MIT blocking release of Aaron Swartz's Secret Service files

My friend Aaron Swartz's suicide, just over six months ago, brought attention to MIT's role in his prosecution over downloading scholarly articles from their network. JSTOR, the service that hosted the files Aaron was accused of downloading, dropped its case against him, and it was widely reported that the only reason the Justice Department was able to go ahead with its threats of decades of time in prison for Aaron was MIT's insistence on pressing the case against him. MIT's administration was so shaken by the negative publicity following Aaron's death that they commissioned professor Hal Abelson (a good guy, in my experience) to investigate the university's role in his prosecution.

Now, though, MIT has blocked a Freedom of Information Act suit by Wired's Kevin Poulsen aimed at forcing the Secret Service to release their files on Aaron. A court recently ordered the Secret Service to stop screwing around and release Aaron's file, but before that could happen, MIT intervened, arguing that if the world could see the files, they would know the names of the MIT employees who insisted that Aaron deserved to go to jail for what amounted to checking too many books out of the library. MIT argues that its employees would potentially face retaliation (though not, presumably, threats of felony prosecutions, million-dollar fines, and decades in prison) if their names were known.

MIT claims it’s afraid the release of Swartz’s file will identify the names of MIT people who helped the Secret Service and federal prosecutors pursue felony charges against Swartz for his bulk downloading of academic articles from MIT’s network in 2011.

MIT argues that those people might face threats and harassment if their names become public. But it’s worth noting that names of third parties are already redacted from documents produced under FOIA.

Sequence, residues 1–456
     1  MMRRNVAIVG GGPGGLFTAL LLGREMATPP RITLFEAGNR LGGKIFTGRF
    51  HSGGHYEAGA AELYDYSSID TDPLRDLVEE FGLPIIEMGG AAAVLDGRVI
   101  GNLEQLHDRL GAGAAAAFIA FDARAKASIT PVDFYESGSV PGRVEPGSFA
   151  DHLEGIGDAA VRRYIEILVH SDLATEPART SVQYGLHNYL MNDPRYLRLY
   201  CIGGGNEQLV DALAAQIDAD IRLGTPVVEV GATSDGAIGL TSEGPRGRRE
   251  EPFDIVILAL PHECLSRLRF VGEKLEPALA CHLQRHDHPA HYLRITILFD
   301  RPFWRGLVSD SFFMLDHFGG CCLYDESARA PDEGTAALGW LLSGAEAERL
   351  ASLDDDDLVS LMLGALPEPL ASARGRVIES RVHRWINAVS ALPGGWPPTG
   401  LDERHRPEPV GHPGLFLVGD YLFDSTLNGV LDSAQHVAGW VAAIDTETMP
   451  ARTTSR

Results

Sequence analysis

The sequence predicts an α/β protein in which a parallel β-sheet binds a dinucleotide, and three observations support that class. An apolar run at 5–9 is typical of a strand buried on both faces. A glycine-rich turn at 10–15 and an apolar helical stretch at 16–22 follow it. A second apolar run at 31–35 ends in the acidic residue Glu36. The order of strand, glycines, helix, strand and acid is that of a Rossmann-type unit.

I’ll post MIT’s motion here once it’s filed.

I have never, in fifteen years of reporting, seen a non-governmental party argue for the right to interfere in a Freedom of Information Act release of government documents. My lawyer has been litigating FOIA for decades, and he’s never encountered it either. It’s saddening to see an academic institution set this precedent.

I agree with Poulsen. This is a dark day in MIT's history. Today, the administration devalued the reputation of every student, alumnus and faculty member. The "MIT" on your resume is in danger of becoming a source of shame. MIT's stakeholders must demand better of their administration.

MIT Moves to Intervene in Release of Aaron Swartz’s Secret Service File [Kevin Poulsen/Wired]

Notable Replies

  1. It must be a high-level MIT figure to matter that much, otherwise they'd just cut and run, leaving some stooge out to hang alone.

  2. Good luck getting that donation out of me next year, anonymous freshman that calls as part of work-study from the bowels of Building 7.

  3. This is a good point. But I also think that MIT now realizes it lives in a world where information isn't just given out to sane people, but people who are unbalanced and angry.

    This is one of the things that we see when it comes to big corporations doing terrible things, they work hard to hide the people who make decisions that take people homes or they make it clear that some low level employee did it. They purposely defuse responsibility because people take losing their house personally.

    Some companies have changed the law to make formerly illegal acts legal, so their employees can say, "We were just following the law."

    The MIT people behind this action clearly wanted to "send a message" to people that these kind of actions will not be tolerated, and they never thought that there would be blowback for their actions. Once it looked like some of the blowback would go to individuals at MIT (vs. the nameless institution) they worked to block access of that information.

    MIT will use the "safety of the individual" as the reason, but it is also to protect the institution and defuse responsibility. Also, for all we know the people who were doing the actual pushing represented a committee that told him to "send a message" to "hackers." Just because I'm carrying out my bosses orders doesn't mean I agree with them, but if my signature is on the foreclosure notice that makes me the focus of someone's rage.

    After Redditt took it upon themselves to find the Boston Bomber and got it wrong, I worry about the unleashing of data to everyone.

    What I think should happen is that MIT needs to "send a message" back to the people that the people who pushed for these horrible penalties are not just getting off scott free. That policies have changed, people have been reprimanded. Some might not think that is good enough, but it is a start..

  4. This is exactly what I try to explain to people about my time in WW2.

  5. Isn't it all moot if names are redacted from the files anyway? Unless it one of the top echelon people, like the Dean or whatever.

    Institutions and people, using and abusing the law to crush the small and protect the powerful. Sigh.

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